Bathrooms - Creating the ultimate ‘wow’ factor

By Tepilo on

Bathrooms can be dream spaces or ultimate nightmares. They are usually amongst the smallest rooms in the house but used more than any other. So much needs to be squeezed into these small spaces and they must all work perfectly day in and day out. There is nothing more off-putting to buyers or guests than a grotty bathroom. Here are a few things to think about before starting a bathroom project, so you can be on your way to stunning buyers with the bathroom of their dreams.

The great thing about contemporary bathroom design is that you can mix and match your favourite pieces from a variety of suppliers’ ranges. People now see bathrooms as an extension of their home instead of a totally separate environment. From exotic woods to marbles and metals, the choice of materials is endless.

Things to think about before you start….

Mood and budget - It’s important that you browse through as many magazines and catalogues as you can find. Visit showrooms to see what style you like and how they look ‘in the flesh’. Decide on the mood you want to create – cool and contemporary, warm and cosy, slick and masculine, opulent, retro Victorian or 20’s Art Deco? - and the budget you want to allocate to this re-design.

Who will use the bathroom? Will the whole family use this space or is it a chill out room for mum and dad? If it is an en suite bathroom, perhaps you may want to coordinate with the adjoining bedroom. For the family a degree of practicality will be required in the design – storage, durability, safety and ease of cleaning are all things to consider.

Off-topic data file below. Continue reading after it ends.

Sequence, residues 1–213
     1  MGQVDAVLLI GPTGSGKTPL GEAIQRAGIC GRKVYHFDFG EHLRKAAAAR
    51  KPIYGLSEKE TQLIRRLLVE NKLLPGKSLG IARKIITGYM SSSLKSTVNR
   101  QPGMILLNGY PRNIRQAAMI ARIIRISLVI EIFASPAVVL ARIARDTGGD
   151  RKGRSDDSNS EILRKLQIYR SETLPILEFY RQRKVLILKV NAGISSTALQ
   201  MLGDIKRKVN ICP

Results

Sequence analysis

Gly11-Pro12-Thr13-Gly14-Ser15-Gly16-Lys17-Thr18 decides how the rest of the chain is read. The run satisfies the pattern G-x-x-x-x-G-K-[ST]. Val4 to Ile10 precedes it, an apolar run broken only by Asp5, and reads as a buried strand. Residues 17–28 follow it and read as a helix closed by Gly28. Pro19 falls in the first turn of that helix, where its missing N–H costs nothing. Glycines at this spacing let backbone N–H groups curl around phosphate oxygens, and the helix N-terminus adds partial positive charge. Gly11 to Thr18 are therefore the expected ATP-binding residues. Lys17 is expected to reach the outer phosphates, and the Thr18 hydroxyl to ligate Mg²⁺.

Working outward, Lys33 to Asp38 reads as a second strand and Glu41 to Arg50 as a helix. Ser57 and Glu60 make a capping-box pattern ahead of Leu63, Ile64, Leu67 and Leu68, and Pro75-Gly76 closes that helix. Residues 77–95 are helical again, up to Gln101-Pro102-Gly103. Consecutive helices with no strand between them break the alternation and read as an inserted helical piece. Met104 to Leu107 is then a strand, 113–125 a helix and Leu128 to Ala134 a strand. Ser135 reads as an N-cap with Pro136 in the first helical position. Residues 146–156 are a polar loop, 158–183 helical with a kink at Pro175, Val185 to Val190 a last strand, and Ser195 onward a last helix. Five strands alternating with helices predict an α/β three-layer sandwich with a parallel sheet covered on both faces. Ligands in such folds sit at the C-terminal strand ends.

Layout - When visiting your bathroom showroom you must have all dimensions with you, size of room, position of doors and windows, radiators, toilet and sink and shower/bath. This is important for the designer because to move soil pipes is an expensive business so it is better and cheaper to work with the layout you have.

Lighting - Lighting is all important and needs to play a dual role. For a relaxed atmosphere use dimmers for general lighting. Task lighting is more direct, brighter and placed where activities take place – i.e. shaving or putting on make-up. Plan what goes where and chose your fixtures accordingly. UK requirements stipulate that light fittings within 600mm of a bath or shower must have an IP rating of 65 whilst other lights at more than 600mm away must have an IP rating of 45. Lights must be operated by a pull cord or an outside switch.

Storage - Storage is essential in a bathroom to maintain that all-important uncluttered look. A bathroom is a very private area and there are some things that are best stored away. A cupboard behind the main mirror takes little room and is extremely useful. Clever storage could consist of mobile units that double-up as seating and can be tucked under the basin when not in use. Built-in cupboards above concealed cisterns are a good way of maximising space without hitting your head! You might even consider allowing for bath panels to open up or have pull out drawers made for extra storage.

Heating and ventilation - A cold bathroom is a real turn-off. Is the heating up to scratch, do you need additional warmth? A heated towel rail is cost effective to run and can help to top up the heat. Consider installing under floor heating in small spaces. You can make a design statement with contemporary radiators - they give you that wow factor as well as being useful. If you are going to use a large mirror you may want to consider installing heated pads on the reverse. These are wired in with the light switch and prevent the mirror misting up after a shower. Remember that it is a local authority regulation to have external ventilation such as from a window or extractor.